Emergency Preparedness Week puts severe weather claims in the spotlight

Emergency Preparedness Week puts severe weather claims in the spotlight

Emergency Preparedness Week puts severe weather claims in the spotlight Natural disasters and severe weather events are a growing and costly issue in Canada, costing insurers an average of $200 million between 1989 – 2008, according to the Insurance Bureau of Canada’s 2015 Fact Book.

It’s awareness of these risks that the IBC looks to address with the launch of Emergency Preparedness Week in Ontario and other Canadian markets.

"Climate change means that weather events that used to happen once every 40 years could now occur every six," stated Kim Donaldson, vice-president, Ontario, IBC. “The unexpected severity is why it's so important to be prepared for the worst.”

There are a number of initiatives launching in partnership with the event, including the release of the Canadian Red Cross’s Be Ready app. The app, which is free for download on Apple and Android devices, is designed to help Canadians determine  a course of action in an emergency, keep track of loved ones, directions on how to build an emergency kit, as well as a built-in flashlight and alarm.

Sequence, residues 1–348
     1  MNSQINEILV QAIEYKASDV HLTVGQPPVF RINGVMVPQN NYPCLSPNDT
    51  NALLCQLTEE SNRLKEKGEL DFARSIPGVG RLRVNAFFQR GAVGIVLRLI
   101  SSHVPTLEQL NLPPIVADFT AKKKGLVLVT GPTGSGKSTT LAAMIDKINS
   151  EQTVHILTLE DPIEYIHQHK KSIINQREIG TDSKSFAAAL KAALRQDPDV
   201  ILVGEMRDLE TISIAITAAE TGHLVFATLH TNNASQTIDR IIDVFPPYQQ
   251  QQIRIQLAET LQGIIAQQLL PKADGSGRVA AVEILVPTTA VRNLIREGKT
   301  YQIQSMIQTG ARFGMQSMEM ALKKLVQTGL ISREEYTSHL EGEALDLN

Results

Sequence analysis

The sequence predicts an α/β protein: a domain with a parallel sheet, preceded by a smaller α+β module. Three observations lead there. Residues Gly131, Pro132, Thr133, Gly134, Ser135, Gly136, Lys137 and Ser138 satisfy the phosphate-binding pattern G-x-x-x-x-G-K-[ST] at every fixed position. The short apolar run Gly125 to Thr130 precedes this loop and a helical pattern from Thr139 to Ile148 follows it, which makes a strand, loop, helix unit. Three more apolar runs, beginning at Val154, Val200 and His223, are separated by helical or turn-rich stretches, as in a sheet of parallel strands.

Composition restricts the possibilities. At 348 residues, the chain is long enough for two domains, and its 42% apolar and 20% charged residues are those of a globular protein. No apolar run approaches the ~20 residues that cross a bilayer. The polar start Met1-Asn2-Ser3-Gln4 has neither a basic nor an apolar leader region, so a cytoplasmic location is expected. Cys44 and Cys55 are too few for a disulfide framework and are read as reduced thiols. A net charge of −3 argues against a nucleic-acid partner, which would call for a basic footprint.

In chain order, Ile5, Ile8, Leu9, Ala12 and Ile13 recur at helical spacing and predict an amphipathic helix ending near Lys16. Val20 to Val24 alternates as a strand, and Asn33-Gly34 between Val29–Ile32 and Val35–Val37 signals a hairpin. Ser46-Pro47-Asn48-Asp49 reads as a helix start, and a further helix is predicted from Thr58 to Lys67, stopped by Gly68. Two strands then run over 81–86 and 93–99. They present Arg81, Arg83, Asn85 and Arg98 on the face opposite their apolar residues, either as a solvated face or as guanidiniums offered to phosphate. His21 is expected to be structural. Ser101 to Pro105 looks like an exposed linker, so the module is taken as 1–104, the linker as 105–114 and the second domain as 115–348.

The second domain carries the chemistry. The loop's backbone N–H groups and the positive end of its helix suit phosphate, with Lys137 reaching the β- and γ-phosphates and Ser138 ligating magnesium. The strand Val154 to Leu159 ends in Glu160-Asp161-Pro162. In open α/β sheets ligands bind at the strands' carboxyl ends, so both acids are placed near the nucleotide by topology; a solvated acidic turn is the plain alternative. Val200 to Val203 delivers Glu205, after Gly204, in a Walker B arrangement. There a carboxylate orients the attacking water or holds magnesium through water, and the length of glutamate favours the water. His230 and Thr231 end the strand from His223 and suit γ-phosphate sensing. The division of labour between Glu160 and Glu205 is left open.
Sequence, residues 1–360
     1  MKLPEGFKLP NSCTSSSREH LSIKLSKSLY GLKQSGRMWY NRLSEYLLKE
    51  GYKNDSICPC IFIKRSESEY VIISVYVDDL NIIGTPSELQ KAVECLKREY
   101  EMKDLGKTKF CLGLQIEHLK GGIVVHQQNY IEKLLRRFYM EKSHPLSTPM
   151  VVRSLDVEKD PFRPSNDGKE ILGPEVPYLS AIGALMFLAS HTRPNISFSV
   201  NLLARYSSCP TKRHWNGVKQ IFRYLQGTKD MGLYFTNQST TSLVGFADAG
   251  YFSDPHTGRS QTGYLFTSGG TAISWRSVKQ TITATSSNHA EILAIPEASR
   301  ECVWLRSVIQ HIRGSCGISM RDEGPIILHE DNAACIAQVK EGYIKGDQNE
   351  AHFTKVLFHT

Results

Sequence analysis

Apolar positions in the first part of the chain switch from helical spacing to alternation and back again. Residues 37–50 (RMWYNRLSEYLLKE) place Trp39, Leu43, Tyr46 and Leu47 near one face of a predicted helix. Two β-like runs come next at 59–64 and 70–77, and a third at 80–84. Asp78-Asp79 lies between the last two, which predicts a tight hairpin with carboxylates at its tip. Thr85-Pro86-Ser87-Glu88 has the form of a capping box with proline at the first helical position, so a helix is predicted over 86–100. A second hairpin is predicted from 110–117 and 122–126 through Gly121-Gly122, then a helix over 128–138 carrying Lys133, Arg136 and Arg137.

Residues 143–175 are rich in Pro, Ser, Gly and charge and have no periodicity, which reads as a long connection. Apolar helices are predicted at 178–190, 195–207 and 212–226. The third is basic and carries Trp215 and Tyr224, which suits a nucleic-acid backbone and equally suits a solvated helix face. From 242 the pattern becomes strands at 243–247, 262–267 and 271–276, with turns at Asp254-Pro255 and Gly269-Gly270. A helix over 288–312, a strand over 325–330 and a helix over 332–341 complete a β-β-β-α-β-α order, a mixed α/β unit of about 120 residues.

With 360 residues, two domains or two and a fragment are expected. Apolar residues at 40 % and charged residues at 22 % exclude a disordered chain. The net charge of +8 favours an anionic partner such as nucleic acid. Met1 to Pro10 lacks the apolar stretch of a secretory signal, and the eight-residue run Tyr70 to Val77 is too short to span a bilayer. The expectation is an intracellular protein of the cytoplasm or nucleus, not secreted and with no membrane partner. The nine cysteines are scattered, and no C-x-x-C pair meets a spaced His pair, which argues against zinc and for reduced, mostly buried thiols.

Meanwhile, BC residents are bracing for the “big one” as the IBC brings its Shake Zone earthquake simulator on location to Whistler’s Emergency Preparedness Fair on May 11. “Research tells us that there is a 30% chance that significant earthquake will strike southwestern British Columbia in the next 50 years,” states the IBC on its website. “It's not a question of ‘if’ but ‘when’.” The Shake Zone, which gives residents the opportunity to experience an 8.0-magnitude quake first-hand, will tour throughout British Columbia until June 7.